Tag Archives: Leslie A. Marchand

Quotations: Lord Byron (George Gordon), (English Romantic Poet, 1788-1824). (15 Quotes).

Featured Image: George Gordon (Lord Byron) by Richard Westall (1765-1836). National Portrait Gallery, London.

Lord Byron (George Gordon), 1788-1824, Letter to poet Thomas Moore, October 28, 1815. Byron’s Letters and Journals, vol. 4 (1973-81; edited by Leslie A. Marchand).

Lord Byron (George Gordon), 1788-1824, Byron’s Letters and Journals, vol. 8 (1973-81; edited by Leslie A. Marchand).

Out of chaos God made a world, and out of high passions comes a people. Lord Byron (George Gordon), 1788-1824, Byron was describing the early nationalist fervor in Italy for which the poet played an active role. Byron’s Letters and Journals, vol. 8 (1973-81; edited by Leslie A. Marchand).

I do detest everything that is not perfectly mutual. Lord Byron (George Gordon), 1788-1824, Letter, October 21, 1813. Byron’s Letters and Journals, vol. 3 (1973-81; edited by Leslie A. Marchand).

I only go out to get me a fresh appetite for being alone. Lord Byron (George Gordon), 1788-1824, Journal, December 12, 1813. Byron’s Letters and Journals, vol. 3 (1973-81; edited by Leslie A. Marchand).

Lord Byron (George Gordon), 1788-1824, Journal, March 22, 1814. Byron’s Letters and Journals, vol. 3 (1973-81; edited by Leslie A. Marchand).

In solitude, where we are LEAST alone. Lord Byron (George Gordon), 1788-1824, Childe Harold, canto 3, stanza 90.

Lord Byron (George Gordon), 1788-1824, Byron’s Letters and Journals, vol. 8 (1973-81; edited by Leslie A. Marchand).

Lord Byron (George Gordon), 1788-1824, Byron’s Letters and Journals, volume 9, edited by Leslie A. Marchand, 1979. The journal entry was written on Byron’s final journey to aid the Greek revolt.

If we must have a tyrant, let him at least be a gentleman who has been bred to the business, and let us fall by the axe and not by the butcher’s cleaver. Lord Byron (George Gordon), 1788-1824, Letter, February 21, 1820 to John Murray, publisher. Byron’s Letters and Journals, volume 7, edited by Leslie A. Marchand, 1973-1981.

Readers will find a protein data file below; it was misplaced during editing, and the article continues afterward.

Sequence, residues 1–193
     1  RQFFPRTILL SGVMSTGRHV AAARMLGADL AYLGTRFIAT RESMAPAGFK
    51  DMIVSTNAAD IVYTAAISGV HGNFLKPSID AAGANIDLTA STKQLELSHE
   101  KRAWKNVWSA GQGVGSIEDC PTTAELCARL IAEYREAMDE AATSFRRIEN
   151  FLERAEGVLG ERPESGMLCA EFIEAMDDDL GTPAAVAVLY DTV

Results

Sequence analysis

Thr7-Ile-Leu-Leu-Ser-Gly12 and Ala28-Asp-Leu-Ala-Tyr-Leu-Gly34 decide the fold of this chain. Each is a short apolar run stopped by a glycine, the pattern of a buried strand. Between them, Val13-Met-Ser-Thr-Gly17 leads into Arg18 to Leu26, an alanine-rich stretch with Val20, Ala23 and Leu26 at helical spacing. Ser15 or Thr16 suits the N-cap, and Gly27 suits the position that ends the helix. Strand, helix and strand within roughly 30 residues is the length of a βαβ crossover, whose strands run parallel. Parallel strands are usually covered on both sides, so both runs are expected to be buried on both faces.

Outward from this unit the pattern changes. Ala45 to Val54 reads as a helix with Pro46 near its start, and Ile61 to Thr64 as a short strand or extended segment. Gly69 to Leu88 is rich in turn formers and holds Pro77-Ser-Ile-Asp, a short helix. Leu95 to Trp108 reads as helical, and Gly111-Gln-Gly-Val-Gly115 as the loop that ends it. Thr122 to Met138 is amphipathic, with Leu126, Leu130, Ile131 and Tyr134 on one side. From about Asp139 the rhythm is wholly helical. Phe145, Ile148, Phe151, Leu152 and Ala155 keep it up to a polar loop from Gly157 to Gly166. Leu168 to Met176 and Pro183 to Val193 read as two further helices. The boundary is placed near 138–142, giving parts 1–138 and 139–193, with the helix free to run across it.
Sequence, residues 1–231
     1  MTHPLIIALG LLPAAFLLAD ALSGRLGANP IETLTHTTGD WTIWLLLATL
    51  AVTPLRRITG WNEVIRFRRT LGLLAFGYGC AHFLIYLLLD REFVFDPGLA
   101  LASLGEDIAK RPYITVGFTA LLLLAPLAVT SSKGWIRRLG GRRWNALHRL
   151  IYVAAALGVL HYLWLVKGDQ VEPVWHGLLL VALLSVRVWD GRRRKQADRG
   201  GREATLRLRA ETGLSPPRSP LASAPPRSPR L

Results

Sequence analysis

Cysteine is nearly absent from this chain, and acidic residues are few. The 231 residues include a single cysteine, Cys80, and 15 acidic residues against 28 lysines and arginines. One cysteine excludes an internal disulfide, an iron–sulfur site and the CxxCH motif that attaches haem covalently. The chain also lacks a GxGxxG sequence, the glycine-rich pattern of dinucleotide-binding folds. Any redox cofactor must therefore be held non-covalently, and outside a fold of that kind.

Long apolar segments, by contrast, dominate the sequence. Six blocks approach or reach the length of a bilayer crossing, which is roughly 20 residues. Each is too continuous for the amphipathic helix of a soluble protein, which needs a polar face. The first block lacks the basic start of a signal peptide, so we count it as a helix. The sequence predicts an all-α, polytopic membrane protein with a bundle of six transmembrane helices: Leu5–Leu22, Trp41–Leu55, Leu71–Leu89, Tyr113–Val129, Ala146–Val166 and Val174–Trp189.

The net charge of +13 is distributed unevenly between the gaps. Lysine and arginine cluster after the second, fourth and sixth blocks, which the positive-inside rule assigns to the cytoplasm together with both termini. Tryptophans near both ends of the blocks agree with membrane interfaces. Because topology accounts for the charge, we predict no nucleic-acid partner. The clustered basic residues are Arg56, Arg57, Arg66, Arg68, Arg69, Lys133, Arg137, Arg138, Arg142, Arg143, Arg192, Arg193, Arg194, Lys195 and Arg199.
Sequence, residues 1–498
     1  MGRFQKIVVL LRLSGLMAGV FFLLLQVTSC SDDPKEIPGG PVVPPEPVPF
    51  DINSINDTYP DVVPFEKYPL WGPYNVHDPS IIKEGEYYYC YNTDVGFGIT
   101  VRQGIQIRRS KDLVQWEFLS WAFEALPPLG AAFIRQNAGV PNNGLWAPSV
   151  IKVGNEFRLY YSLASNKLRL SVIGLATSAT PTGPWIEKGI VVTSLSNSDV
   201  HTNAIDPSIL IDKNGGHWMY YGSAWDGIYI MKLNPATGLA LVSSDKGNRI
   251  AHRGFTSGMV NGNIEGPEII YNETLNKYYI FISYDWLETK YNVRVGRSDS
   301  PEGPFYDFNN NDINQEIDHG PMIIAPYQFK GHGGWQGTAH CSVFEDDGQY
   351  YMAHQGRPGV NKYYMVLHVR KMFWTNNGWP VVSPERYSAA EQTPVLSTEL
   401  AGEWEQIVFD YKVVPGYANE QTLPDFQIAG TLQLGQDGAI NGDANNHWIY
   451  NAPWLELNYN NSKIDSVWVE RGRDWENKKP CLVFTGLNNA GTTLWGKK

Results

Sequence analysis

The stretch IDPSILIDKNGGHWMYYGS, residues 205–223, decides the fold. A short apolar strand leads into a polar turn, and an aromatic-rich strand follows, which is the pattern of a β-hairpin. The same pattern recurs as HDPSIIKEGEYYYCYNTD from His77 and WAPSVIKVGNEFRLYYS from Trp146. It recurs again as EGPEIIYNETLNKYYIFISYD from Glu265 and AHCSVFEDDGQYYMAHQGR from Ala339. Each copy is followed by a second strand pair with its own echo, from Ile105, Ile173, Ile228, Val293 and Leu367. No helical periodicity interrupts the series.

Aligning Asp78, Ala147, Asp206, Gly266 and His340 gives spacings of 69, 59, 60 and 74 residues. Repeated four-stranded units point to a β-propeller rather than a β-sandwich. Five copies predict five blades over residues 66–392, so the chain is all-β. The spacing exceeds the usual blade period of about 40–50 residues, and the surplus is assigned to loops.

Are we aware of our obligations to a mob? It is the mob that labour in your fields and serve in your houses–that man your navy, and recruit your army–that have enabled you to defy the world, and can also defy you when neglect and calamity have driven them to despair. You may call the people a mob; but do not forget that a mob too often speaks the sentiments of the people. Lord Byron (George Gordon), 1788-1824, First speech to the House of Lords, February 27, 1812 on the topic of Luddite machine-wreckers.

The French courage proceeds from vanity—the German from phlegm—the Turkish from fanaticism & opium—the Spanish from pride—the English from coolness—the Dutch from obstinacy—the Russian from insensibility—but the Italian from anger. Lord Byron (George Gordon), 1788-1824, Letter, August 31, 1820, to publisher John Murray. Published in Byron’s Letters and Journals, volume 7, ed. Leslie A. Marchand , 1973-1981.

It is by far the most elegant worship, hardly excepting the Greek mythology. What with incense, pictures, statues, altars, shrines, relics, and the real presence, confession, absolution, –there is something sensible to grasp at. Besides, it leaves no possibility of doubt; for those who swallow their Deity, really and truly, in transubstantiation, can hardly find any thing else otherwise than easy of digestion. Lord Byron (George Gordon), 1788-1824, Letter, March 8, 1822 to poet Thomas Moore. Byron explained that he was bringing up one of his own daughters, Allegra, a Catholic.

It is useless to tell one not to reason but to believe — you might as well tell a man not to wake but sleep. Lord Byron (George Gordon), 1788-1824, Detached Thoughts, no. 96, 1821-22.

I would rather…have a nod from an American, than a snuff box from an emperor. Lord Byron (George Gordon), 1788-1824, letter, June 8, 1822, to poet Thomas Moore.